This (read-only)  file  gives  the  number  of  files  presently
              opened.  It contains three numbers: the number of allocated file
              handles; the number of free file handles; and the maximum number
              of file handles.  The kernel allocates file handles dynamically,
              but it doesn't free them again.   If  the  number  of  allocated
              files  is  close  to the maximum, you should consider increasing
              the maximum.  When the number of free  file  handles  is  large,
              you've  encountered a peak in your usage of file handles and you
              probably don't need to increase the maximum.

So basically it says /proc/sys/fs/file-nr is not the actual number of open files, but the maximum which were opened. It also shows the number of file descriptors which are free for reuse. So max-number – free number = actual number. This applies not only to physical files, but also sockets.

From a newer manpage:

Before Linux 2.6,
the kernel allocated file handles dynamically, but it didn’t
free them again. Instead the free file handles were kept in a
list for reallocation; the “free file handles” value indicates
the size of that list. A large number of free file handles
indicates that there was a past peak in the usage of open file
handles. Since Linux 2.6, the kernel does deallocate freed file
handles, and the “free file handles” value is always zero.

$> cat /proc/sys/fs/file-nr 
512	0	36258
max     free    limit

How is it possible to query the number of currently open file descriptors?

System wide

$> cat /proc/sys/fs/file-nr

Process

lsof lists also lots of content which does not count into the open file limit (e.g. anonymous shared memory areas (= /dev/zero entries)). Querying
the /proc-filesystem seems to be most reliable:

$> cd /proc/12345
$> find . 2>&1 | grep '/fd/' | grep -v 'No such file' | sed 's#task/.*/fd#fd#' | sort | uniq | wc -l

If you want to try lsof use this ( the -n prevents hostname lookups and makes lsof way faster for lots of open connections):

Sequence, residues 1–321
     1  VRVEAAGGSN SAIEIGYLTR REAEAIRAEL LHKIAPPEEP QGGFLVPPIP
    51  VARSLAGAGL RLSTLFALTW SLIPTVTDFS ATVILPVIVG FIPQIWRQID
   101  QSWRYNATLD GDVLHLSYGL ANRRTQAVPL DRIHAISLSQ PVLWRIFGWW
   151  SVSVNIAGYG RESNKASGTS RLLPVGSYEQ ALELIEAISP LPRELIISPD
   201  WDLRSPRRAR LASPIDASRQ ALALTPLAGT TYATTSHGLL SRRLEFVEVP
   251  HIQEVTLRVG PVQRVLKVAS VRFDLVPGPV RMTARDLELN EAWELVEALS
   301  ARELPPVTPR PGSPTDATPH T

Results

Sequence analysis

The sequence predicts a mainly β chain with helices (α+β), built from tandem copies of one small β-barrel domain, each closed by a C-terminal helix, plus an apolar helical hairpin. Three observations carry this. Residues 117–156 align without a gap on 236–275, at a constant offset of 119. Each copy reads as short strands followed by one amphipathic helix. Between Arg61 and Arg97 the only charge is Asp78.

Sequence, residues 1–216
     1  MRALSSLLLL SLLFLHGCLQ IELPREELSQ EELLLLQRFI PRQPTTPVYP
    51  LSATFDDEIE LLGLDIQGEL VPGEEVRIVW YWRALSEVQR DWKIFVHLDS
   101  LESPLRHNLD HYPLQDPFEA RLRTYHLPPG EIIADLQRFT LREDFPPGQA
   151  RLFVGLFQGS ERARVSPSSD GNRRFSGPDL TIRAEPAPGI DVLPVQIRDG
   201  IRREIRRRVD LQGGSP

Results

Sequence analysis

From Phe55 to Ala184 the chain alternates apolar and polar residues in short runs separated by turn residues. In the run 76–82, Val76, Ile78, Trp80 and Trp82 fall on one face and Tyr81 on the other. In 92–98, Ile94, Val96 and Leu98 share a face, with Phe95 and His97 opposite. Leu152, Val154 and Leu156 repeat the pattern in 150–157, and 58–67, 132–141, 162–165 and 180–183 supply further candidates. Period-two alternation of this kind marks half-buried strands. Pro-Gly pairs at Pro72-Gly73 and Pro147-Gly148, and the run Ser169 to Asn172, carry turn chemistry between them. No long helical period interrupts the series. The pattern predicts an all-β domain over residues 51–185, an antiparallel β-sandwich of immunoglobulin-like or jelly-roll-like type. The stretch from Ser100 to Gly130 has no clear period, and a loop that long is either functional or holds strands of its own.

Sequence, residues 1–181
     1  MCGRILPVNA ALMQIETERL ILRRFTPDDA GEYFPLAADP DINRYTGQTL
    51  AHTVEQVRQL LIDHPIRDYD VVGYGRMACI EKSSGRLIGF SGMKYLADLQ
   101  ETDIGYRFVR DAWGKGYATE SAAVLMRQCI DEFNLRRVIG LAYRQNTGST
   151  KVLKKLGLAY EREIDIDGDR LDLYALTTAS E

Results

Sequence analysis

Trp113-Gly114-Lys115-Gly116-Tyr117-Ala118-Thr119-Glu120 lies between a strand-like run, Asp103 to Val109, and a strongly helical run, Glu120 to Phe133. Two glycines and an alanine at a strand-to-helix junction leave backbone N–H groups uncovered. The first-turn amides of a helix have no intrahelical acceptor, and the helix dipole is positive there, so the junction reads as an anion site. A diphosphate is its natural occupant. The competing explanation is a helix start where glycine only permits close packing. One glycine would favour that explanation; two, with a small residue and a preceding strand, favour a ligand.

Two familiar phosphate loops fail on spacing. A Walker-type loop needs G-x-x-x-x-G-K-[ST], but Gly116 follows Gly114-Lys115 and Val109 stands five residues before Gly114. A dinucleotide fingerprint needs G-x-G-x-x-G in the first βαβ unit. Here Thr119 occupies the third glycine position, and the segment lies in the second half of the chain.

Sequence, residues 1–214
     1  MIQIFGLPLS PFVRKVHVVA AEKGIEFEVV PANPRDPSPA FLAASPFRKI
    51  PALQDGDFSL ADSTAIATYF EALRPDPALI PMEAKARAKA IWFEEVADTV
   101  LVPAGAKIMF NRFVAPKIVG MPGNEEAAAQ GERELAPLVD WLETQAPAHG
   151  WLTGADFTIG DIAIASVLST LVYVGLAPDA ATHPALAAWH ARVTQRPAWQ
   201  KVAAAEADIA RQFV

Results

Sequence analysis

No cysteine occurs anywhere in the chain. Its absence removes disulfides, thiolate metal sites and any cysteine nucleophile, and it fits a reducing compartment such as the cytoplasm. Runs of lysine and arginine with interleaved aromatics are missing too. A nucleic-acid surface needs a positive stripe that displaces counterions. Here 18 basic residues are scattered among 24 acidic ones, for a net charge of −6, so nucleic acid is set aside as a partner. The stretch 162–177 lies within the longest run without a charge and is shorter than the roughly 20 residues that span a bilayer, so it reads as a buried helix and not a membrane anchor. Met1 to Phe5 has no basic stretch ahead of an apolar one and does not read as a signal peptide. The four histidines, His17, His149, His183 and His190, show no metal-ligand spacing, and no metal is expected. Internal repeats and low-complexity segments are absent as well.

lsof -n -p 12345 | wc -l

You can also insert a number of pids for e.g. php5-fpm into lsof with:

lsof -n -p "$(pidof php5-fpm | tr ' ' ',')" | wc -l

Changing the ulimit for users

Edit the file /etc/security/limits.conf or append:

www-data soft nofile 8192
www-data hard nofile 8192

Set the soft to the hard-limit, so you don’t have to raise it manually, as user.

It is also possible to set a wildcard:

* soft nofile 8192
* hard nofile 8192

For root the wildcard will not work and extra lines have to be added:

root soft nofile 8192
root hard nofile 8192

I set my precious limits, I logout and login but they are not applied

As said before the limits in /etc/security/limits.conf are applied by the PAM-module pam_limits.so.
In the directory /etc/pam.d lie various files, which manage different PAM-settings for different commands.
If you don’t log into your account, but change into it using su or execute a command using sudo, then the special config for this program is loaded. Open the config and make sure the line for loading pam_limits.so is
not commented out:
/etc/pam.d/su

session    required   pam_limits.so

Save and now the limits should be applied.

Program specific special cases

nginx

nginx has some special handling:

This is what applied to my Ubuntu Precise 12.04 Testsystem. The init-script seems to be buggy there.

  1. You can set the ulimit which nginx should use in /etc/default/nginx
  2. /etc/init.d/nginx restart does NOT apply the ulimit settings. The setting is only applied in the start-section of the init script. So you have to do /etc/init.d/nginx stop; /etc/init.d/nginx start to apply the new limit

There is a better distribution independent way to set the worker openfiles limit. Using the config file!:

Syntax:	worker_rlimit_nofile number;
Default:	—
Context:	main

Changes the limit on the maximum number of open files (RLIMIT_NOFILE) for worker processes. Used to increase the limit without restarting the main process.
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Unit-Tests with Fortran using pFUnit (supports MPI)

Minimum requirements

The current master can only be built using unreleased gcc versions (4.8.3, or 4.9). The recommended solution is to use pfunit 2.1.x , which I will do in this tutorial.

I used gcc 4.8.1.

Getting the framework

git clone git://pfunit.git.sourceforge.net/gitroot/pfunit/pfunit pFUnit